Thursday, May 31, 2007

How far should you drive to buy gas?

The short answer? Not very far.

With the price of a gallon of gasoline reaching an all time high recently, a lot of people are using online services like to find the cheapest price in their area. The question is, how far out of your way should you drive to save a few cents per gallon? Figuring this out is really quite simple, considering there are only a few variables involved.

For starters, let's consider how many gallons of gas you actually buy when you go to the pump. Typically, I buy around twelve gallons in my economy-sized car. (This may seem quite low to those of you driving SUVs, but if you're driving one of those gas-guzzlers you probably stopped reading this already.) If I can drive across town to save $0.10 per gallon, I'm only saving $1.20. Considering that the distance across town is about 10 miles, my car gets about 30 miles per gallon, and a gallon of gas is hovering around $3.40 per gallon, I'm really not saving anything at all. Once you factor in the time it takes to drive across town and back, It's really not worth the effort.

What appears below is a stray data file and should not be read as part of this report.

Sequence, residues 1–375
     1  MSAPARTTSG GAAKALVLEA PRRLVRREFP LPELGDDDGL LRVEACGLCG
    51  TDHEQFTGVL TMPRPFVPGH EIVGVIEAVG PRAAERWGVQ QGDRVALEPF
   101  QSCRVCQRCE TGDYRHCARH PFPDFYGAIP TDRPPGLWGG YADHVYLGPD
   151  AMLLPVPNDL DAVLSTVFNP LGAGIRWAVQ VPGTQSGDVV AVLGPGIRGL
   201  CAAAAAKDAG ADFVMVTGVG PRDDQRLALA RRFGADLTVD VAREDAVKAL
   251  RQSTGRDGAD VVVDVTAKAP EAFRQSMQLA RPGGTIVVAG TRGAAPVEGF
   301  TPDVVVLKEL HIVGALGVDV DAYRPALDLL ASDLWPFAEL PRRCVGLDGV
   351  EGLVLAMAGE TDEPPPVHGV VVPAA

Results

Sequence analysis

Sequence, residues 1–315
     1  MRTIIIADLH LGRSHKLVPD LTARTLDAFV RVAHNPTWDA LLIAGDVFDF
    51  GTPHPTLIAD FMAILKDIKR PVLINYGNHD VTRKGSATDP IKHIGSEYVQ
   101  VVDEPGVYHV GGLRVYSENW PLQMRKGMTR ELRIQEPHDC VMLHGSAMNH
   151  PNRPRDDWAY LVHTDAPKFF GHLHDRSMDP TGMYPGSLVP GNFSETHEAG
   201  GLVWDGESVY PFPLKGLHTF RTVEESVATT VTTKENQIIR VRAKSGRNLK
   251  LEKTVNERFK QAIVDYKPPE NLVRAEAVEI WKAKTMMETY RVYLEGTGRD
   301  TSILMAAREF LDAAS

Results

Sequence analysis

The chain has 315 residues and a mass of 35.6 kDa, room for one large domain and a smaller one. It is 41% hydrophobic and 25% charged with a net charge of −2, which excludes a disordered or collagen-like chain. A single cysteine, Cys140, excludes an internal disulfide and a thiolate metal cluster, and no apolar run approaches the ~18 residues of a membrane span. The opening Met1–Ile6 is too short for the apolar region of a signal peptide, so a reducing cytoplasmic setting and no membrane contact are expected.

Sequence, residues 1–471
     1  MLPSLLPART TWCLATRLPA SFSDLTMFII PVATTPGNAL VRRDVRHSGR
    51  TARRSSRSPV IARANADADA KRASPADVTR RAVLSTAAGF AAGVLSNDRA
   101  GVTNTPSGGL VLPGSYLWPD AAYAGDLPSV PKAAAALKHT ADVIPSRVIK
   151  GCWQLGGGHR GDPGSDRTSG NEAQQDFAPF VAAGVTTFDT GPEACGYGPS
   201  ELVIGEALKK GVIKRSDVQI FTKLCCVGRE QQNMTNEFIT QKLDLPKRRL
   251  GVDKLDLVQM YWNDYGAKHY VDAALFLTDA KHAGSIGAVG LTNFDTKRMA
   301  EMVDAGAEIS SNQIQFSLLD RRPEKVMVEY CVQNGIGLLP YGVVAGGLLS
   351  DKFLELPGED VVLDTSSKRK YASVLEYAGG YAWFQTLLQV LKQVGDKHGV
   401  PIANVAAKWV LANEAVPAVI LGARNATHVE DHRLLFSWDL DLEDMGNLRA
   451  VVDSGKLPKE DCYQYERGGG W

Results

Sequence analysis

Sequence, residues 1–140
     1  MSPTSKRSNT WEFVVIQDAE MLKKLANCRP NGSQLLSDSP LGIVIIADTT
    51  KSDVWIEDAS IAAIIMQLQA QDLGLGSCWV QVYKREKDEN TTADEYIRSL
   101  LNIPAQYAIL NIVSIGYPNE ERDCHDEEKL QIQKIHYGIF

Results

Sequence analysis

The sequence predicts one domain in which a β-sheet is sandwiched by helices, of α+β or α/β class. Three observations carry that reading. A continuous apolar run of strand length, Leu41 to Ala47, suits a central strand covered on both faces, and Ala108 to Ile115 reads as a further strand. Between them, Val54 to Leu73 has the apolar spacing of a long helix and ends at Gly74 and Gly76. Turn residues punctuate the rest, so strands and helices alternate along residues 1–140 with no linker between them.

So, here are the two formulas you need. One is used to calculate your savings and the other is used to calculate your cost.

Savings = (Regular Price/gallon - Discount Price/gallon) * gallons purchased

Cost = Discount Price/gallon * (miles travelled / MPG)

where MPG is your car's estimated fuel efficiency (miles per gallon).

After you use these two formulas subtract the Cost from the Savings. If the difference isn't negative this is your real savings. You decide if this amount is worth your time.

My advice? Fill up on the way to work. Driving even a mile or two out of your way to save pennies per gallon isn't worth your time or effort.

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